How to Configure Apache Tomcat with HTTPS

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How to Configure Apache Tomcat with HTTPS

Is it possible to configure Apache Tomcat to run over HTTPS? Yes, this guide provides a step by step tutorial on how to configure Apache Tomcat with HTTPS. Apache Tomcat (or simply Tomcat) is an open source web server and servlet container developed by the Apache Software Foundation (ASF). Tomcat implements the Java Servlet and the JavaServer Pages (JSP) specifications from Oracle, and provides a “pure Java” HTTP web server environment for Java code to run in.

Configuring Apache Tomcat with HTTPS

Why HTTPS for Apache Tomcat?

Using HTTPS for Apache Tomcat is recommended for several important reasons:

  • Security: HTTPS provides encryption and data integrity, ensuring that the data exchanged between the client (user’s web browser) and the Tomcat server remains confidential. Without HTTPS, data can be intercepted or tampered with during transmission, putting sensitive information at risk.
  • Credentials Protection: Apache Tomcat often requires users to enter credentials (e.g., usernames, passwords) to access manager app or host manager. With HTTPS, these credentials are encrypted and protected from potential eavesdropping.
  • e.t.c

Install and Setup Apache Tomcat

Of course you need to have Apache Tomcat server up and running.

You can check our guides on how to install and setup Apache Tomcat.

Generating Apache Tomcat SSL/TLS Certificates

Which SSL/TLS Certificates are Supported by Apache Tomcat

Being Java-based, Apache Tomcat primarily supports two certificate formats for SSL/TLS configuration:Java Keystore (JKS) format and PEM format.

  1. Java Keystore (JKS) Format: Java Keystore is the native format used by Java applications, including Apache Tomcat. It’s a binary format that can store various types of cryptographic information, including private keys, certificates, and certificate chains. Tomcat’s native SSL connector supports JKS as the keystore format.
  2. PEM Format: Although not a native format, Apache Tomcat also supports PEM-encoded certificates and private keys. Tomcat can work with PEM-encoded files through the OpenSSL library and its APR (Apache Portable Runtime) connector. This allows you to use certificates and keys in PEM format directly with Tomcat.

As a result, you can have your SSL/TLS certificates in JKS or PEM formats.

NOTE: We are using Self-Signed SSL Certificates in this guide for the purposes of the demo. If your server is public facing, ensure that you use SSL/TLS certificates from trusted CAs.

Generating SSL/TLS Certificates in PEM Format

Generate CA Private Key

Run the following OpenSSL command to generate a private key for your CA:

mkdir /opt/tomcat9/ssl
openssl genpkey -algorithm RSA -out /opt/tomcat9/ssl/ca.key

The command generates an RSA private key and saves it in the file /opt/tomcat9/ssl/ca.key.

Generate CA self-signed certificate

Once you have the private key, you can now generate the CA self-signed certificate using the command below. When the command runs, you are prompted to provide information about your CA, such as the common name, organization, and location, contact email e.t.c. Common Name, must be provided.

openssl req -x509 -new -key /opt/tomcat9/ssl/ca.key -days 3650 -out /opt/tomcat9/ssl/ca.crt

Sample output;

You are about to be asked to enter information that will be incorporated
into your certificate request.
What you are about to enter is what is called a Distinguished Name or a DN.
There are quite a few fields but you can leave some blank
For some fields there will be a default value,
If you enter '.', the field will be left blank.
Country Name (2 letter code) [AU]:US
State or Province Name (full name) [Some-State]:California
Locality Name (eg, city) []:San Francisco
Organization Name (eg, company) [Internet Widgits Pty Ltd]:Kifarunix-Demo Inc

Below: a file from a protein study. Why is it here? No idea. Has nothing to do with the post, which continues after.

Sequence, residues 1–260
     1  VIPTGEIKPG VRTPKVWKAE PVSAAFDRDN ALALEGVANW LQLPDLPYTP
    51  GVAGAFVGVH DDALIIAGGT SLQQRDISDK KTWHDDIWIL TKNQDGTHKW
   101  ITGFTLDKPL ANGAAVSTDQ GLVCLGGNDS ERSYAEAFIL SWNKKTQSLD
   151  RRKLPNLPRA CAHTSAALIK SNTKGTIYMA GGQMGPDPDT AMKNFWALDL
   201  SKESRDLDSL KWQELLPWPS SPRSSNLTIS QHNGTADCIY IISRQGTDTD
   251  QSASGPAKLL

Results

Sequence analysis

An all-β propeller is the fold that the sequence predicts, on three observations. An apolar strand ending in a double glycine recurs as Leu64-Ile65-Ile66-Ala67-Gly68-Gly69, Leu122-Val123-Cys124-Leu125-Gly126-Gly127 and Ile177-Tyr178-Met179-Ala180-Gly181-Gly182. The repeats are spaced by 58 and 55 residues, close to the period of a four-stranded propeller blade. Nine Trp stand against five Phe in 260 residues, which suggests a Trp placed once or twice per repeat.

Organizational Unit Name (eg, section) []:Infrastracture
Common Name (e.g. server FQDN or YOUR name) []
Email Address []:

You can provide all these information from the command line using the -subj option.

openssl req -x509 -new \
	-key /opt/tomcat9/ssl/ca.key \
	-days 3560 \
	-out /opt/tomcat9/ssl/ca.crt \
	-subj "/C=US/ST=California/L=San Francisco/O=Kifarunix-Demo Inc/[email protected]"

Note that it is not recommended to use wildcard CN. Instead, use SAN to define your other domains/IPs/wildcards.

Generate Server Private Key and CSR

Next, generate the server private key and certificate signing request (CSR).

openssl req -new \
	-newkey rsa:4096 \
	-nodes \
	-keyout /opt/tomcat9/ssl/server.key \
	-out /opt/tomcat9/ssl/server.csr \
	-subj "/C=US/ST=California/L=San Francisco/O=Kifarunix-Demo Inc/[email protected]"
Generate and Sign Server Certificate

Now, you need to generate the server certificate using the CSR, the CA cert and private key.

Note that since OpenSSL command doesn’t include the extensions such as Subject Alternative Names on the certificate, you need to provide this information manually.

SAN extension allows you to include additional subject names, such as domain names or IP addresses, in a single certificate, thus allowing a certificate to be valid for multiple entities or alternative names.

So, create a CNF file with your SAN extensions;

vim /opt/tomcat9/ssl/san.cnf
keyUsage = digitalSignature, nonRepudiation, keyEncipherment, dataEncipherment
subjectAltName = @alt_names


then generate and sign the server certificate;

openssl x509 -req \
	-in /opt/tomcat9/ssl/server.csr \
	-CA /opt/tomcat9/ssl/ca.crt \
	-CAkey /opt/tomcat9/ssl/ca.key \
	-CAcreateserial \
	-out /opt/tomcat9/ssl/server.crt \
	-days 3650 \
	-extfile /opt/tomcat9/ssl/san.cnf

Sample output;

Certificate request self-signature ok
subject=C = US, ST = California, L = San Francisco, O = Kifarunix-Demo Inc, CN =, emailAddress = [email protected]

So you now have the server, CA certificate and key under /opt/tomcat9/ssl/ in PEM format.

Ensure Tomcat user has ownership of the SSL/TLS certificate files;

chown -R tomcat: /opt/tomcat9/ssl/

Generating SSL/TLS Certificates in JKS Format

You can also generate the certificate files in JKS format.

If you already have the certificate files in PEM format as above, then you can convert them JKS as follows.

Convert the ;

openssl pkcs12 -export \
	-in /opt/tomcat9/ssl/server.crt \
	-inkey /opt/tomcat9/ssl/server.key \
	-name tomcat \
	-out /opt/tomcat9/ssl/tomcat.p12

Provide the keystore password and keep that password somewhere you can easily retrieve.

Create Java KeyStore (JKS), import the server and CA certificates:

Set the keystore password. When prompted, trust the certificate.

keytool -importcert \
	-file /opt/tomcat9/ssl/ca.crt \
	-alias kifarunix-demo-CA \
	-keystore /opt/tomcat9/ssl/keystore.jks

Next, import the server certificate to keystore. Provide both source and destination keystore password.

keytool -importkeystore \